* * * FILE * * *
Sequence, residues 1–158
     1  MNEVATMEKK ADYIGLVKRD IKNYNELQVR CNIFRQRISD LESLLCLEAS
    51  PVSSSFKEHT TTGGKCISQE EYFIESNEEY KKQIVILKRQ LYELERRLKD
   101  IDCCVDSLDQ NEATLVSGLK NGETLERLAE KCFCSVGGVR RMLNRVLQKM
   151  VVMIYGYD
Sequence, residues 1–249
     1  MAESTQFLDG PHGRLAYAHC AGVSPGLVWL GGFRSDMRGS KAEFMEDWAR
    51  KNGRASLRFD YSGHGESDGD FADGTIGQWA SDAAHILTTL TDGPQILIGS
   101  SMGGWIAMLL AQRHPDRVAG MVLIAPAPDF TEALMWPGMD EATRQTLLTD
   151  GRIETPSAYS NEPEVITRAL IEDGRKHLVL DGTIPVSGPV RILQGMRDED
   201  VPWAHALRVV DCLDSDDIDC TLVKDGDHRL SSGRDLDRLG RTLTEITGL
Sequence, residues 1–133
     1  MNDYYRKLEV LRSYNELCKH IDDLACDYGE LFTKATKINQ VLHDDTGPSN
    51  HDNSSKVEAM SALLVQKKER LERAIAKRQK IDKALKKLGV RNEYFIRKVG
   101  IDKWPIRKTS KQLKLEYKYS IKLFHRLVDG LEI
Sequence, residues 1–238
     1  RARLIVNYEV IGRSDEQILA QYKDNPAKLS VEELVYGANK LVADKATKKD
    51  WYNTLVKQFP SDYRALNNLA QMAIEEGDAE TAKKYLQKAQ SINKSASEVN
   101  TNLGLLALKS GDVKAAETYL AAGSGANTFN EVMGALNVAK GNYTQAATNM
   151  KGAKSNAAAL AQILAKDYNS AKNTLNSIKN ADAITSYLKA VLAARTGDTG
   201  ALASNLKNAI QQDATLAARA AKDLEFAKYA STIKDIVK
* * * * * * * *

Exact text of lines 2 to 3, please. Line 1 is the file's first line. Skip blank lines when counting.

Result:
     1  MNEVATMEKK ADYIGLVKRD IKNYNELQVR CNIFRQRISD LESLLCLEAS
    51  PVSSSFKEHT TTGGKCISQE EYFIESNEEY KKQIVILKRQ LYELERRLKD